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JUMP, a comic magazine from Level 10


Originally appeared in The New Indian Express on June 05, 2010

JUMP into a Comic Democracy

For Suhas Sundar and Shreyas Srinivas, the corporate world just didn’t cut it anymore. Four years in the lucrative IT industry in America had left Suhas dissatisfied. “I wanted to do something new…and soon. I just couldn’t imagine explaining to my wife and kids when I’m 35 that money is gonna be sparse for the next few years ‘coz daddy wants to print comics,” he says and laughs; sentiments echoed by his college buddy Shreyas who had been equally successful in the FMCG industry. The two friends had drifted apart geographically and career-wise but their common passion for comics and graphic novels kept them together. So when Suhas decided to nix his techie lifestyle for a career in comics, he knew Shreyas would be his perfect partner-in-crime (comically speaking, of course).

In August 2009, the duo started Level 10 Studios with the intention of creating “the very best genre fiction and visual / sequential narratives.” Since then, they’ve come a long way and their fledgling magazine, JUMP – an 84 page, full colour comic magazine- hit the stands on May 25 and will be available at all major bookstores and magazine outlets.. The monthly magazine, priced at Rs.60, will be the first of its kind featuring three series which will run for a period of five months. As the stories unfold, month by month and episode by episode, readers get the unique opportunity to vote for their favourite series. At the end of the season, the series with the least votes is nixed and replaced with a new series. This interesting approach to a magazine is all part of their business mantra: “Level 10 is a comics studio run by comics fans for comics fans.” A comic democracy, if you will, where Suhas Sundar and Shreyas Srinivas are more than just comics fans; they are self professed “comic geeks.”

Despite their lack of formal arts training, the duo had no qualms about entering the comics industry. In true entrepreneurial spirit, they recognised the demand for indigenous comics and the corresponding lack of supply. In early 2009, they met several artists through their network of friends. “We got together and talked about comics. Really geeky stuff; but that evolved into a kind of informal club,” says Suhas and the rest is history. Today, Level 10 houses four artists- Vivek Goel, Santosh Pillewar, Harsho Mohan Chattoraj and Deepak Sharma, along with Vijayendra Mohanty-a journalist and blogger who is also currently writing the graphic novel Ravanayan with Vivek Goel. Apart from these studio staples, they also work with an extensive network of freelancers across the country. “Oh, and there’s Keshav-the tea guy,” Suhas adds. “Keshav”, an amorphous entity, gets a credit in every issue.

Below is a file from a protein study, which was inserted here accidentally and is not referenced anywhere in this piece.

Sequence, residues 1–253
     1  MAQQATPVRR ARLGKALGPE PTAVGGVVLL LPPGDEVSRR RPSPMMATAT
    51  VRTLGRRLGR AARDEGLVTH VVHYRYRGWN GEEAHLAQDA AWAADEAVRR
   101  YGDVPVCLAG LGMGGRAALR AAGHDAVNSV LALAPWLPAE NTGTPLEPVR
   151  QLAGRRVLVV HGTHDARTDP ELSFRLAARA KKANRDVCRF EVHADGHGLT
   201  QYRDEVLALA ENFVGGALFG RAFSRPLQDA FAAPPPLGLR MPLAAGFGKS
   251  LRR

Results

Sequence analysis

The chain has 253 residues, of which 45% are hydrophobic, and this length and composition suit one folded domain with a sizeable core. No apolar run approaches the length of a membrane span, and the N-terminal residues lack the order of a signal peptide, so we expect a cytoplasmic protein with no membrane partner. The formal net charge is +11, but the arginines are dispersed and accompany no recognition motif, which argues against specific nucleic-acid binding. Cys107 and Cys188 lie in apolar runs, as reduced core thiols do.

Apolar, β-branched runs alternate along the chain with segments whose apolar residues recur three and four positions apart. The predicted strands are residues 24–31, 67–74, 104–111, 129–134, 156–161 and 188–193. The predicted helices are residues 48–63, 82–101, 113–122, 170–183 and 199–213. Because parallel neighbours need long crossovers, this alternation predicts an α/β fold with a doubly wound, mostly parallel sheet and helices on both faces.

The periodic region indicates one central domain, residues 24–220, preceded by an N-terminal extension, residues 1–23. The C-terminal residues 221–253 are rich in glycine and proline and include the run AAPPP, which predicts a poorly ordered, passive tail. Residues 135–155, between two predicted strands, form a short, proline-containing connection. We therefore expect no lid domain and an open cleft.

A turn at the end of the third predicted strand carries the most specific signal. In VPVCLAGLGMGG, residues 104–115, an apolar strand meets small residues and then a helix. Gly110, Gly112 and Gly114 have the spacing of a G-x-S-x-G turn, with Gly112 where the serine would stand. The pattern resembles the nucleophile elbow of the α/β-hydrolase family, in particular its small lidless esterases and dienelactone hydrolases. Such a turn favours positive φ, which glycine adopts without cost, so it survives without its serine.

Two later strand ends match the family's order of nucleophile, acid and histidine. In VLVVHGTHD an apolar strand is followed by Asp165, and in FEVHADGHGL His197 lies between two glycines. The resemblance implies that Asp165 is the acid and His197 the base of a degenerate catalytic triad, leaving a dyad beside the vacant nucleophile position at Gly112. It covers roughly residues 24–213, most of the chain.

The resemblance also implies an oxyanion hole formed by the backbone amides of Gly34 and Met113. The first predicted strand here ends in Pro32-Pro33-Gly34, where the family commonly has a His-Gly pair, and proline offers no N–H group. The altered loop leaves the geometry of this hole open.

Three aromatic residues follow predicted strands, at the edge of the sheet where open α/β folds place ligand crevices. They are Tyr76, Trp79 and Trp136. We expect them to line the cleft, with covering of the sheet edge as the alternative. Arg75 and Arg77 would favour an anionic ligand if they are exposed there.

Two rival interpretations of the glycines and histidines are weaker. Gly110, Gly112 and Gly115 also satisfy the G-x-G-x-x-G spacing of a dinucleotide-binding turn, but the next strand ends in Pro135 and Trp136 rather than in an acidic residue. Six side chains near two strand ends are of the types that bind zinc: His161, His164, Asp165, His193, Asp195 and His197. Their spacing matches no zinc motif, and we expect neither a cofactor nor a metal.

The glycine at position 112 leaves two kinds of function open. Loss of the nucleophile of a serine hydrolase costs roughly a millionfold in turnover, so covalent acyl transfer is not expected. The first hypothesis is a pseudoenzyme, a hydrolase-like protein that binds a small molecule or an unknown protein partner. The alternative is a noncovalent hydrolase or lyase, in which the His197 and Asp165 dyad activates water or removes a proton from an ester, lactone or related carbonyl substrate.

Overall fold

Like his peers in the industry, Suhas isn’t keen on re-telling mythologies. This is a trend most visible amongst the young, upwardly mobile Indian who wants to look forward rather than backward. “There are so many more stories to tell,” Suhas says. “So we tried to come up with three stories that were diverse and unconnected to one another and then try to develop them as a series.” The process of creative collaboration led to three concepts: The Rabhas Incident, a dark noir-ish story about zombies, set in Bangalore; Northern Song which follows a demon hunter through lands inspired by Indian mythology and finally, Shaurya, a tale of five teenagers with super powers set in Mumbai. While The Rabhas Incident and Northern Song deal with villains that are supernatural, the antagonists in Shaurya are much more real: terrorists.

The voting system will be a good indicator of stories that work and those that don’t and the team at Level 10 plan on issuing each series as a graphic novel at the season’s end. “The way we see it is that the magazine is like a quick fix on a monthly basis but the graphic novel has more shelf life.” The graphic novel at the end of the seasons works like a special edition DVD set: it come with extra features: an inside look at the series’ creation, thumbnails, sketches, bios etc.

 More importantly, the voting system allows for fresh ideas to become part of the magazine.

We’re open to receiving pitches from anyone for new series,” Suhas says but cautions that he’s “not really interested in mythologies because we feel we can do so much more. As for pitches, we want complete pitches, a one or two page treatment and some character sketches. Send it to submissions@level10comics.com.” Suhas is open to the idea of pairing writers with in-house artists if the team likes a pitch and unlike most fledgling comics, Jump Magazine does pay its contributors.

Level 10 will also be the first comics company in India to give creator credits. The Rabhas Incident is a good example. Although the story was written by Suhas, it was illustrated by Harsho who created the visual word as seen in the comics. For his input, Harsho gets co-creator credit. This is true of all three stories where artists and writers share credits. “We don’t have a manga situation where the writer also draws the story,” Suhas says. “So each story is broken into writers, artists and colourists.” They are, however, willing to print ‘creator-owned’ titles. In this case, the creator is not paid but is remunerated through profit-sharing. The creator also gets to keep copyrights and royalties from reprints.

At 27, Suhas Sundar and Shreyas Srinivas may be young but they’re certainly not green. Leading a team of young entrepreneurs, all under the age of 30, Level 10 Comics is poised to take the comics world by storm.

(Check out their facebook page at www.facebook.com/level10comics and their website at www.level10comics.com)